Theoretical physics implications of the binary black-hole mergers GW150914 and GW151226


Nicolas Yunes, Kent Yagi, Frans Pretorius


Physical Review D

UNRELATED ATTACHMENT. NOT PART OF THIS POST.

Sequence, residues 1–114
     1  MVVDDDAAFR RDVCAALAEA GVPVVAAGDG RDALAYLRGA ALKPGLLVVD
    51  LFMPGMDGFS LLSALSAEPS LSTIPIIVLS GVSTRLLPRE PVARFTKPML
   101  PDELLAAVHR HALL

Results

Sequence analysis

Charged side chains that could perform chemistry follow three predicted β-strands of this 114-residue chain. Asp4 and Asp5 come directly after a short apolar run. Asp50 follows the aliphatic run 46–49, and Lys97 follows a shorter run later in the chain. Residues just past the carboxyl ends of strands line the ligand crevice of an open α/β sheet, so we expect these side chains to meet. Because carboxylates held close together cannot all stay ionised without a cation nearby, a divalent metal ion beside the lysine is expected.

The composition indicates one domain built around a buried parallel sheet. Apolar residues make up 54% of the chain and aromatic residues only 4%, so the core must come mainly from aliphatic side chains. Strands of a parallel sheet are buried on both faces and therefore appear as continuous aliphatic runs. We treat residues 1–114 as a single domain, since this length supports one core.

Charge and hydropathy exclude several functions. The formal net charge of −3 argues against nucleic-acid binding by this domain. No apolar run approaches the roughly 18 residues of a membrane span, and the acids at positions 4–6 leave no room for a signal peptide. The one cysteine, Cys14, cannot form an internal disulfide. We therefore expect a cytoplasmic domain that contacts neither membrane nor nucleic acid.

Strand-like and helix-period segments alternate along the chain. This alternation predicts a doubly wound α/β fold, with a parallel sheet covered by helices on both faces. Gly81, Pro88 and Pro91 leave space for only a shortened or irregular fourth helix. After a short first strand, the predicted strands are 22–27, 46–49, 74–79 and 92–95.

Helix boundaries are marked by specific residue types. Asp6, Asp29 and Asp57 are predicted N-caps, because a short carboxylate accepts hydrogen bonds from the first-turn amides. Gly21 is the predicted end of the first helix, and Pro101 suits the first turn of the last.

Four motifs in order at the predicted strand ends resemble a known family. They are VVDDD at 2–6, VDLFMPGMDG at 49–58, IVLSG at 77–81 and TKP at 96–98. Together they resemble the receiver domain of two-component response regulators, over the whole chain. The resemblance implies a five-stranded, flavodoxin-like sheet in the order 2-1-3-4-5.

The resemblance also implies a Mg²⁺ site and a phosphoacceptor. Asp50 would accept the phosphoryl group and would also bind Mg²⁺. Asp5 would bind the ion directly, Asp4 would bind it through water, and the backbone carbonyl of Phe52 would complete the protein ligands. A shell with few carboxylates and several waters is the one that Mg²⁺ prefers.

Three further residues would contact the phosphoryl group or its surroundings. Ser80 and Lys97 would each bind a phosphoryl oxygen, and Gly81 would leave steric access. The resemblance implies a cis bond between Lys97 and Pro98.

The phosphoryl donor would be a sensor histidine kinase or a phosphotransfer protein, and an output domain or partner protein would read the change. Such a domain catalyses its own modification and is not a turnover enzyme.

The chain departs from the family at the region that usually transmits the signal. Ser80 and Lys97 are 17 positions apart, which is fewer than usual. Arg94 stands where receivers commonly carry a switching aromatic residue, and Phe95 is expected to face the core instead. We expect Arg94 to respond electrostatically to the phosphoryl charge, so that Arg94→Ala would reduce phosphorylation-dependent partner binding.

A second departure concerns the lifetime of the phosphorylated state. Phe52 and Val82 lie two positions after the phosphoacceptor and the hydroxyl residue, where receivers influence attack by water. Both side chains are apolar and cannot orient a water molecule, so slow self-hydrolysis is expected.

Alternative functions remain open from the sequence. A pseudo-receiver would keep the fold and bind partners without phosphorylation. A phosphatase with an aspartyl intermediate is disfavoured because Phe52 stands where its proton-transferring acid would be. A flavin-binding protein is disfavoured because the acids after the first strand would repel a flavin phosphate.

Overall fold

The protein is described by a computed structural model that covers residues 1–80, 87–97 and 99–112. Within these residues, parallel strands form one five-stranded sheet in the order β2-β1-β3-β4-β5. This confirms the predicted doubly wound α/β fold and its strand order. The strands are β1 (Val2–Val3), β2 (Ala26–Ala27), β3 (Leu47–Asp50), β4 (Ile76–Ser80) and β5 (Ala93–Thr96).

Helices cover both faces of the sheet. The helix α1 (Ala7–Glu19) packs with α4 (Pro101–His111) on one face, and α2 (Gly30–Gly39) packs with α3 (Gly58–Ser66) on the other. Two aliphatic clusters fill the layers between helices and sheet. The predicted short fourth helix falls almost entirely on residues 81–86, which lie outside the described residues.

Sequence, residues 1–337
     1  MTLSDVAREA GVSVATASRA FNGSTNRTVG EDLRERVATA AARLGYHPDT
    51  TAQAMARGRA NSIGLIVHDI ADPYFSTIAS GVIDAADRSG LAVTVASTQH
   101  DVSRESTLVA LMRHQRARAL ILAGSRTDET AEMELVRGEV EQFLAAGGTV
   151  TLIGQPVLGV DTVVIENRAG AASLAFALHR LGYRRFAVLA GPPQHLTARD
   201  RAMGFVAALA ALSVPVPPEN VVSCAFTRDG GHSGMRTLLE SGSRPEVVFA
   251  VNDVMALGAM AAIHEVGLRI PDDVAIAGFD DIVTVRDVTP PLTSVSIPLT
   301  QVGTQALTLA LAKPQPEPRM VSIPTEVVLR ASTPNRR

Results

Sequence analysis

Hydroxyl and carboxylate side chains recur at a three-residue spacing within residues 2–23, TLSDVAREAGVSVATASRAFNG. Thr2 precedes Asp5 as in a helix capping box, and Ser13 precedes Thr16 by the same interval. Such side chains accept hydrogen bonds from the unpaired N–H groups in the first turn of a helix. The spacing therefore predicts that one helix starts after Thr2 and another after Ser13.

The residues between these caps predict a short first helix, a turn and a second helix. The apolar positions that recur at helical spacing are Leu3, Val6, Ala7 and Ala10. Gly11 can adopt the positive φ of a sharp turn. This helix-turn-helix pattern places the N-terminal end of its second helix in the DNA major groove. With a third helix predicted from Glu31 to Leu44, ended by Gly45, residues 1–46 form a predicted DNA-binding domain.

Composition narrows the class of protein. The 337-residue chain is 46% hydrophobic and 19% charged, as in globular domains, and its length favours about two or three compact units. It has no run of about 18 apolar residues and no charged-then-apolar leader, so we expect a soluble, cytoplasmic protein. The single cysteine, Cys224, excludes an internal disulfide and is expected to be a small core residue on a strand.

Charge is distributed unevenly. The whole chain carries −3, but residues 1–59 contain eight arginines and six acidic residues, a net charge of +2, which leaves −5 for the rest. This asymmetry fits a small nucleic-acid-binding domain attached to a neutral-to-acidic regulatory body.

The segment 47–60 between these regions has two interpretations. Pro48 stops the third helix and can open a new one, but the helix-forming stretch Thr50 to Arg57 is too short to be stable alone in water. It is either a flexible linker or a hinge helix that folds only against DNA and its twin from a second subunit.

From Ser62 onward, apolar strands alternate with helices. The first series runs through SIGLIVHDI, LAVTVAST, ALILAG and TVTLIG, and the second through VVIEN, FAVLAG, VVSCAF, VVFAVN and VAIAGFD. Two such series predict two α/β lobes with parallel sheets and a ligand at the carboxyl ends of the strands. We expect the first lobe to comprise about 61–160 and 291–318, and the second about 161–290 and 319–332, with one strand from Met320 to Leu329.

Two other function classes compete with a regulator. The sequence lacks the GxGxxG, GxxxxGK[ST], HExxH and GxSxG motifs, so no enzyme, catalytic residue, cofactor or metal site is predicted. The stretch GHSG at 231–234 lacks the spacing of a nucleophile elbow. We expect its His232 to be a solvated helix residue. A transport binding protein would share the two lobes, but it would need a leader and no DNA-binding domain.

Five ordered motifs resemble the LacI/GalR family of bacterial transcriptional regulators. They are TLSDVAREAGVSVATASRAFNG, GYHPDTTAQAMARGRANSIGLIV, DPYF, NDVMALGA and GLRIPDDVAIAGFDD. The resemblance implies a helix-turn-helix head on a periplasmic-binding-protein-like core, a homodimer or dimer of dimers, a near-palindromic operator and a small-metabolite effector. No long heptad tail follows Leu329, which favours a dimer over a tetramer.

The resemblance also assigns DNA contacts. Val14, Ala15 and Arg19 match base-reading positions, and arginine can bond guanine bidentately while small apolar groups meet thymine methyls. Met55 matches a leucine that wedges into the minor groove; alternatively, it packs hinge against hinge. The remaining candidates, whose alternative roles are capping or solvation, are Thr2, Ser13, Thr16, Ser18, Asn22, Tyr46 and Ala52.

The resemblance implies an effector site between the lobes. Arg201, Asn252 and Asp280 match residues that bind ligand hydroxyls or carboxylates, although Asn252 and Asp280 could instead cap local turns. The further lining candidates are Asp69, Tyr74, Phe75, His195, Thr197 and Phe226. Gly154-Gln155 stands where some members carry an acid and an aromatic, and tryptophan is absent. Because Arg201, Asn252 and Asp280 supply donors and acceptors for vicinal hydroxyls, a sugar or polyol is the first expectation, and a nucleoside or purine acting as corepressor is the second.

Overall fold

The gravitational wave observations GW150914 and GW151226 by Advanced LIGO provide the first opportunity to learn about physics in the extreme gravity environment of coalescing binary black holes. The LIGO Scientific Collaboration and the Virgo Collaboration have verified that this observation is consistent with Einstein's theory of general relativity, constraining the presence of certain parametric anomalies in the signal. This paper expands their analysis to a larger class of anomalies, highlighting the inferences that can be drawn on nonstandard theoretical physics mechanisms that could otherwise have affected the observed signals. We find that these gravitational wave events constrain a plethora of mechanisms associated with the generation and propagation of gravitational waves, including the activation of scalar fields, gravitational leakage into large extra dimensions, the variability of Newton's constant, the speed of gravity, a modified dispersion relation, gravitational Lorentz violation and the strong equivalence principle. Though other observations limit many of these mechanisms already, GW150914 and GW151226 are unique in that they are direct probes of dynamical strong-field gravity and of gravitational wave propagation. We also show that GW150914 constrains inferred properties of exotic compact object alternatives to Kerr black holes. We argue, however, that the true potential for GW150914 to both rule out exotic objects and constrain physics beyond general relativity is severely limited by the lack of understanding of the coalescence regime in almost all relevant modified gravity theories. This event thus significantly raises the bar that these theories have to pass, both in terms of having a sound theoretical underpinning and reaching the minimal level of being able to solve the equations of motion for binary merger events. We conclude with a discussion of the additional inferences that can be drawn if the lower-confidence observation of an electromagnetic counterpart to GW150914 holds true, or such a coincidence is observed with future events; this would provide dramatic constraints on the speed of gravity and gravitational Lorentz violation.



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